Argued January 19, 1955
Decided March 3, 1955
Appeal from the Supreme Court, Appellate Division, First Department.
Sol Charles Levine, S.H. Levine and Joseph M. Godman for appellants. Leo A. Larkin, Acting Corporation Counsel ( Leroy Mandle and Stanley Buchsbaum of counsel), for respondent.
New York City's local retail sales tax statute (Administrative Code of City of New York, ch. 41, tit. N), imposes the tax on the purchaser but requires that it "be paid by the purchaser to the vendor as trustee for and on account of the city" and makes the vendor "liable for the collection thereof and for the tax" (Administrative Code, § N41-2.0). Since this is a "consumer's tax" and the sales taxed are such only as are not for resale, the law (§ N41-2.0, subd. i) provides for a "certificate * * * for resale" which may be issued by any vendee who is properly registered with the city, to any vendor, as evidence that the goods sold are being purchased for resale. Another part of the statute reads thus: "For the purpose of the proper administration of this title and to prevent evasion of the tax hereby imposed, it shall be presumed that all receipts for property and services mentioned in this section are subject to tax until the contrary is established, and the burden of proving that a receipt is not taxable hereunder shall be upon the vendor or the purchaser. Unless the vendor shall have taken from the purchaser a certificate signed by and bearing the name and address of the purchaser and the number of his registration certificate to the effect that the property or service was purchased for resale, the sale shall be deemed to be a taxable sale at retail." (§ N41-2.0, subd. i.) Acting under statutory authority (§ N41-12.0), the comptroller has promulgated a number of regulations, one of which (art. 24) forbids the taking of resale certificates from purchasers "not engaged in business for resale" or "not engaged in selling the article purchased". Another such regulation (art. 86) is to the effect that sales of chemicals to manufacturers for treating, cleaning or preparing other articles for sale are sales at retail and taxable.
This petitioner sells, in New York City, various acids and chemicals, to numerous customers engaged in a variety of businesses. The proceeding is brought to review sales tax assessments made against petitioner on findings that, over a period of years, it failed to collect the tax on numerous sales transactions. The record sufficiently shows these facts: that in every such instance petitioner had a resale certificate covering the sale, from its vendee, who was registered with the city as authorized to issue certificates; that, however, none of the sales were in fact for resale; that petitioner had reason for suspicion or belief that the sales were taxable but in no case did petitioner or any of its responsible officers have any actual knowledge of that fact; that petitioner at all times acted in good, not bad, faith in taking the resale certificates and in failing to collect the tax. Petitioner was informed by its own chemist that some of the products it sold were not such as ordinarily became identifiable ingredients or components of other products later to be resold. As to other sales, petitioner was put on notice, by its customers' corporate names or otherwise, that those customers were in dyeing, cleaning, stamping or coating businesses, etc., and were, presumably, consuming in processes of their own the goods bought from petitioner. The fact remains, however, that petitioner did not know the exact uses, did not know that the resale certificates were inaccurate, and made no further investigation. The question of law is: did petitioner's possession of such notice or information make it liable for the tax, despite its receipt, in good faith, of resale certificates? Our answer is in the negative.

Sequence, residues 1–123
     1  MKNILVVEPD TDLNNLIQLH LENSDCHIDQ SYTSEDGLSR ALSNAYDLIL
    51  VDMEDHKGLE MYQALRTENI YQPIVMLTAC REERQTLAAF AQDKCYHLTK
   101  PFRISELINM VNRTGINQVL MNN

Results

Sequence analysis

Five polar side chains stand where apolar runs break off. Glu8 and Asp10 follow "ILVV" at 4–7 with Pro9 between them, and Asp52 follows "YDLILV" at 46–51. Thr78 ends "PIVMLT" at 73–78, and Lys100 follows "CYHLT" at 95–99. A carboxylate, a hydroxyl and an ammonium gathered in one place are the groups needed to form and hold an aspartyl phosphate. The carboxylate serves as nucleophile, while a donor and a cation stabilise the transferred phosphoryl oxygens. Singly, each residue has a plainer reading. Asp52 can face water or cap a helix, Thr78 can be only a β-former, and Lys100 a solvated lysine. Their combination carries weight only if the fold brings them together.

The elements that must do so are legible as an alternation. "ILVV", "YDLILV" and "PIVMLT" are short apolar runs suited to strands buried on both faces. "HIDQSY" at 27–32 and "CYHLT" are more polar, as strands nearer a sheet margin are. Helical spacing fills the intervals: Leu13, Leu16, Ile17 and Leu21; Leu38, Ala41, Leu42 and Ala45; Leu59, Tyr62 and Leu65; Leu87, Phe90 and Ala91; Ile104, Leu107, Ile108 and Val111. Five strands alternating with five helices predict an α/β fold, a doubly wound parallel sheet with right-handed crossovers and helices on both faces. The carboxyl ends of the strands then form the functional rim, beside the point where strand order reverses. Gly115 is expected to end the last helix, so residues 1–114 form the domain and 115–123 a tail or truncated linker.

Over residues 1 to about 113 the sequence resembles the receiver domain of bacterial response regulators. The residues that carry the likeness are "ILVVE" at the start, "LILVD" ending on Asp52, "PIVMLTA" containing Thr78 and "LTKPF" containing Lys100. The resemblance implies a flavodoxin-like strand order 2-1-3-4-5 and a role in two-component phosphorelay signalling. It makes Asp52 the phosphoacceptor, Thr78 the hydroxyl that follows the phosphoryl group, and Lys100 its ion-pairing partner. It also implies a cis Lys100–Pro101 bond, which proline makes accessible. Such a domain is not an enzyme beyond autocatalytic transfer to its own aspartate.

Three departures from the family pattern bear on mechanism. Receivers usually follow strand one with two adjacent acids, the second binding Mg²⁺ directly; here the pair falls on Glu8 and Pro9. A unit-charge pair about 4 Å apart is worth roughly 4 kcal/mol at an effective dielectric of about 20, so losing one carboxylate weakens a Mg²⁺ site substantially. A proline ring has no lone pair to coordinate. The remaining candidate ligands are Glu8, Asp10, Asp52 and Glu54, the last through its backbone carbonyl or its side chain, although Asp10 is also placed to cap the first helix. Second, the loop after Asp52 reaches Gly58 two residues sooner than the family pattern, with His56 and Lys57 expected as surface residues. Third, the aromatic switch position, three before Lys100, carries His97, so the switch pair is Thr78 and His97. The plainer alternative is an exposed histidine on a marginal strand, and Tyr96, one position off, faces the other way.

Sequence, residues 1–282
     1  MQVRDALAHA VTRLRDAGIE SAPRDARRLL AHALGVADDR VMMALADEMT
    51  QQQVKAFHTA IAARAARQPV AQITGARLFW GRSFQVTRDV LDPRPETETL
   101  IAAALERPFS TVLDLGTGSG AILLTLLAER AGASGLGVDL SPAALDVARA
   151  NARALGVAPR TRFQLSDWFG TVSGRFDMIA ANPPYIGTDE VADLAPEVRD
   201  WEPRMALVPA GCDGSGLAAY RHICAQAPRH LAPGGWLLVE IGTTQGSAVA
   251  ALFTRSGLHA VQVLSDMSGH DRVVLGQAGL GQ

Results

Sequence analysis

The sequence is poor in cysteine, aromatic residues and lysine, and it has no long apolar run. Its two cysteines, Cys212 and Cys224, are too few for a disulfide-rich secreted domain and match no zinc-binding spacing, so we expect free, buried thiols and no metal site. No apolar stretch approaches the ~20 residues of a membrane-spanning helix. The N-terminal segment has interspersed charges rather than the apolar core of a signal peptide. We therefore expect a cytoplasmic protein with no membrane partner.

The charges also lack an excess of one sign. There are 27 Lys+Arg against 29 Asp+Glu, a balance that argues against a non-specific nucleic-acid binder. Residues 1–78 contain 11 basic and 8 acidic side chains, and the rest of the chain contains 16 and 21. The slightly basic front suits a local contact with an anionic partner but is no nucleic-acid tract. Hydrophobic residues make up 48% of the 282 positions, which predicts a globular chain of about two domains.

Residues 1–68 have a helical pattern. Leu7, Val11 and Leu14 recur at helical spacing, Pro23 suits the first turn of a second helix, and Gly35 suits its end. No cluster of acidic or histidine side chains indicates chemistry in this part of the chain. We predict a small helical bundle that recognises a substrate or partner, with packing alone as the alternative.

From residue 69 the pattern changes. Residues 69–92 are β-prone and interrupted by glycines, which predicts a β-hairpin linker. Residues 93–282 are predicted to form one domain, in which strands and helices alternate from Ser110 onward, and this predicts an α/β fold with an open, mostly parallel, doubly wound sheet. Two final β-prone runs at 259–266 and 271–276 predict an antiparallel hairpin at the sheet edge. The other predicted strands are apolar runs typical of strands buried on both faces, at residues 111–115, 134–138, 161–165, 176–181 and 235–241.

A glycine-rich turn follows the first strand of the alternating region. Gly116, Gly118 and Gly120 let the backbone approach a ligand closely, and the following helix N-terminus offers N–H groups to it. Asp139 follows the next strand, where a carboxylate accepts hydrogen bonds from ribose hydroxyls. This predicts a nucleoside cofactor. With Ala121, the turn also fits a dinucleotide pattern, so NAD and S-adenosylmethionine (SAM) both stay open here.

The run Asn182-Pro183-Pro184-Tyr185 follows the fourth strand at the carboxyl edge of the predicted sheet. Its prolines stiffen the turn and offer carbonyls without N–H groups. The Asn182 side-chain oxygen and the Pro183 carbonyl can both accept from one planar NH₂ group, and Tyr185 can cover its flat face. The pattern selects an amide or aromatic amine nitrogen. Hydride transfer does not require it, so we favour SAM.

To this question of statutory interpretation, i.e., legislative intent, there is no direct answer in the statute itself, or, indeed, in the comptroller's regulations. We assume that there would be no protection for a vendor, who, knowing that there was to be no resale, nevertheless took and acted on such a resale certificate, fraudulently or in bad faith. But this law, which goes very far in burdening the vendor by making him an unpaid tax collector for the city, does not, expressedly or impliedly, put on him a duty of investigating or policing his own customers. The problem, of taxability or no, is sometimes a difficult one as to items which are not resold as such but which may or may not be considered as becoming components of another article which is to be resold (see Matter of Mendoza Fur Dyeing Works v. Taylor, 272 N.Y. 275; Matter of Mounting Finishing Co. v. McGoldrick, 294 N.Y. 104, 108; Redlich on Sales Taxes and the Resale Exemption in the Manufacture and/or Distribution of Personal Property, 9 Tax L. Rev., p. 435). We do not think the statute forces a vendor to debate such questions with his customer.
All taxing statutes of doubtful meaning are, we are admonished, to be construed in favor of the taxpayer and against the taxing authority, and the burdens they impose are not to be extended by implication ( Dun Bradstreet v. City of New York, 276 N.Y. 198; Crawford on Construction of Statutes, § 257; 82 C.J.S., Statutes, § 396).
The order of the Appellate Division should be reversed and the determination of the comptroller annulled, with costs in this court and in the Appellate Division.
CONWAY, Ch. J., DYE, FULD, FROESSEL and VAN VOORHIS, JJ., concur; BURKE, J., taking no part.
Order reversed, etc.